Benno Moiseiwitsch (1890-1963) was born in Odessa in the Russian Empire (now in the Ukraine), but settled in England with his family when he was eight. He became one of the twentieth century’s truly great pianists, and his selfless contribution to his adopted country in the two World Wars went far beyond the call of duty.
AT fifteen, budding pianist Benno Moiseiwitsch inquired at the Royal Academy of Music in London about continuing studies that had begun in his birthplace, Odessa, and had brought him the Anton Rubinstein Prize when he was nine. His prospective tutors confessed frankly that they did not know what they could teach him.
Theodor Leschetizky in Vienna was more exacting, and in 1908 eighteen-year-old Benno returned to England, where his parents now lived, an accomplished performer. A whirlwind career followed, taking him to concert halls in Europe, Asia, the Americas and the Pacific Islands. He had grace, touch and effortless virtuosity, and passion beneath his British reserve. The music of his friends and fellow-Russians Sergei Rachmaninoff and Nikolai Medtner figured prominently in his repertoire, though his avowed favourite was Schumann.*
Moiseiwitsch became a British subject in 1937. During the Second World War, he gave over eight hundred concerts to servicemen and charities, undermining his health in the effort, a sacrifice recognised in 1946 with the CBE.**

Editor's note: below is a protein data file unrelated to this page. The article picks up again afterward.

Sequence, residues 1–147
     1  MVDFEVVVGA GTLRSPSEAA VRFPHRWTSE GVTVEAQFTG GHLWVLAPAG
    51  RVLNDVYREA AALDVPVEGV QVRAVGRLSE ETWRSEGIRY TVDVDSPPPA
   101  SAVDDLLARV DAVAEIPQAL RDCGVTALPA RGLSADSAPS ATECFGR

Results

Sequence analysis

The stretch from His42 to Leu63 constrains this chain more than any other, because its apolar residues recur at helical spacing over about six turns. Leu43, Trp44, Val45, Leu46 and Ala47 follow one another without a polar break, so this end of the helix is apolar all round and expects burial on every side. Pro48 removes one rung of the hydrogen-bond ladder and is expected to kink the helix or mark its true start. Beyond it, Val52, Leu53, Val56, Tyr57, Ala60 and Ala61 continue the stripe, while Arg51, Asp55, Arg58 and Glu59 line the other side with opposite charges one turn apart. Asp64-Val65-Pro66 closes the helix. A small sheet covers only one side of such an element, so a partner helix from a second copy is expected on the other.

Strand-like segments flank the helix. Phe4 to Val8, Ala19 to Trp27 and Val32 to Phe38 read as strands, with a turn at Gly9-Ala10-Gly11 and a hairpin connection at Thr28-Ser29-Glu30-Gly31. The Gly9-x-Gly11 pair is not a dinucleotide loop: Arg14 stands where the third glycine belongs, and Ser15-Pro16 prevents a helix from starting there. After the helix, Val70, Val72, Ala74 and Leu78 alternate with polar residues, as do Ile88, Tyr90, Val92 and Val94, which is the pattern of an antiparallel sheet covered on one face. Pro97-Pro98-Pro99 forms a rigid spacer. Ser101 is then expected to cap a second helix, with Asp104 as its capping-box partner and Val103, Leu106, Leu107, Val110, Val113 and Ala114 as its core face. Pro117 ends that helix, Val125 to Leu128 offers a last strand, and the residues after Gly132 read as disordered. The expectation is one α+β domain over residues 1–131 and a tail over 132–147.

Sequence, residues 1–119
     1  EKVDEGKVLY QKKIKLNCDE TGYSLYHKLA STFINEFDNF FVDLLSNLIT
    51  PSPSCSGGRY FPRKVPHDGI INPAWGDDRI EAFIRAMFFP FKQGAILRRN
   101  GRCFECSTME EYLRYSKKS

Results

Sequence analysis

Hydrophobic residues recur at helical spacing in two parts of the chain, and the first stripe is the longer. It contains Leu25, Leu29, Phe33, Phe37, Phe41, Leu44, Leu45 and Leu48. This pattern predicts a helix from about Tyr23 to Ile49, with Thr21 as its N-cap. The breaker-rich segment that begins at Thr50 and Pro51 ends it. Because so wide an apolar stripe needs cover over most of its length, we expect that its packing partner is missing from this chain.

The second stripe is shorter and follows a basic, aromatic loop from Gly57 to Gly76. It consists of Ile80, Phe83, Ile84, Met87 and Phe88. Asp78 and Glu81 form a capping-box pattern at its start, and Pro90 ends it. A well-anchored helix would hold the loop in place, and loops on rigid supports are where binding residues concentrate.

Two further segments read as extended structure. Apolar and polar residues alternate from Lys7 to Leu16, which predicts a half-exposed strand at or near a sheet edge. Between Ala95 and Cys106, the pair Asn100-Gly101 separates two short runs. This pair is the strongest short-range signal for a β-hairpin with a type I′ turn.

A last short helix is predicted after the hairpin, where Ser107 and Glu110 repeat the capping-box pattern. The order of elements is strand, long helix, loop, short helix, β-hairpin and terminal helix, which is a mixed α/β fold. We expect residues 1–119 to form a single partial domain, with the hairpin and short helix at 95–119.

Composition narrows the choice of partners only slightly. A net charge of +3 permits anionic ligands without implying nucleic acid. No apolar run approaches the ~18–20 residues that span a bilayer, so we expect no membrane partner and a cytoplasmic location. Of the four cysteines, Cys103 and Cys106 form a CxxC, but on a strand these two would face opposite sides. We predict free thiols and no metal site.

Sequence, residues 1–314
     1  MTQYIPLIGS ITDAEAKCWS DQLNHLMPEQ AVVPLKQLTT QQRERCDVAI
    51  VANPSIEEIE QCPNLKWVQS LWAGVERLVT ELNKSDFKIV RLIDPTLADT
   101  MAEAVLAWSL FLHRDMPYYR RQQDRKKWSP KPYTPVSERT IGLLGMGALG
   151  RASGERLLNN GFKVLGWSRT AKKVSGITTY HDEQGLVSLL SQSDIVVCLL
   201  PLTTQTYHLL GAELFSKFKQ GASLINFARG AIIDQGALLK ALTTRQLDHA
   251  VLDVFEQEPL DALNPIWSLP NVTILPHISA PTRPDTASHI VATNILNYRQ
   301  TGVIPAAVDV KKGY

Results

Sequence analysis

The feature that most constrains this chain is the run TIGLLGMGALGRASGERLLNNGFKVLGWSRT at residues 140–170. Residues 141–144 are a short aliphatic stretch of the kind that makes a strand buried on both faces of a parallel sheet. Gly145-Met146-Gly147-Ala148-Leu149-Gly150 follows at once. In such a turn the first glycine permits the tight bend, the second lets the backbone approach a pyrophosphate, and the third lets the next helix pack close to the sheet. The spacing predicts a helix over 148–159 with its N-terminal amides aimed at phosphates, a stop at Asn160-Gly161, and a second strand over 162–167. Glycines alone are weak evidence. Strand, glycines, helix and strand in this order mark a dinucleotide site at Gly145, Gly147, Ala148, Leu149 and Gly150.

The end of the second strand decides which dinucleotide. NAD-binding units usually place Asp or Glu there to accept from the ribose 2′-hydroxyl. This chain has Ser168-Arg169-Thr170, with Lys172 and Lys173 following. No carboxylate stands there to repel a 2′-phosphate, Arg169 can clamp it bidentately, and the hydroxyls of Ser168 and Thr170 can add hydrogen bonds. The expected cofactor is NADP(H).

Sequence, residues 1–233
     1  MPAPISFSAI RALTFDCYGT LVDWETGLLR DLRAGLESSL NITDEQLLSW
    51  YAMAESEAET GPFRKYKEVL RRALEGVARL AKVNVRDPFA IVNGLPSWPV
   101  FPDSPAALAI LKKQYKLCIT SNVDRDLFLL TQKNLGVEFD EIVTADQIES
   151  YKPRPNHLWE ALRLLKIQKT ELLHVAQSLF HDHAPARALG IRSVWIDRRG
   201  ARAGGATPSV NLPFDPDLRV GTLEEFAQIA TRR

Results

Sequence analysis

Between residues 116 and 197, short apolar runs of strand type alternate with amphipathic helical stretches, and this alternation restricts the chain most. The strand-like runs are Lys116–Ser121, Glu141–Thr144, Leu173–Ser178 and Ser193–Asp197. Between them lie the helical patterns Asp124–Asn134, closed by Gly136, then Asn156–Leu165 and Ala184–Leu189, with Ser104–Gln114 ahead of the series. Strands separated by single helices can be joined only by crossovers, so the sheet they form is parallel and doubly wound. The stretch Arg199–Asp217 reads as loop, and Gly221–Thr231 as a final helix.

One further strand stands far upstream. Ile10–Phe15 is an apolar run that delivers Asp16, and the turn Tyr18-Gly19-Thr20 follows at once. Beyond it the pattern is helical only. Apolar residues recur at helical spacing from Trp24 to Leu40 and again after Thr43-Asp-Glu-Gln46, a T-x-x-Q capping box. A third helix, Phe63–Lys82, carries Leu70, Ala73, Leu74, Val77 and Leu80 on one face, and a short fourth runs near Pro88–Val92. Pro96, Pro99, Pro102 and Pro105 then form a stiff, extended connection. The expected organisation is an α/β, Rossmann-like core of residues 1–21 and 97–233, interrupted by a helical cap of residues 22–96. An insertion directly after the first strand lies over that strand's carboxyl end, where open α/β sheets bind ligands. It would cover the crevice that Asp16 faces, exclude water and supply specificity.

* A year after the Bolshevik Revolution of 1917, Rachmaninoff and his wife Natalia emigrated to the USA; Medtner and his wife Anna settled in England in 1936, where his music was much admired.
** In 1914, Moiseiwitsch married Australian violinist Daisy Kennedy; their daughter Tanya designed the iconic Crucible Theatre in Sheffield. They divorced, and in 1929 he married Anita Gensburger.
Interview with Benno Moiseiwitsch
An extract from the documentary ‘The Art of the Piano’, a look at the great pianists of the twentieth century. It features Benno Moiseiwitsch talking about his friend Sergei Rachmaninoff, and the Prelude that brought them together.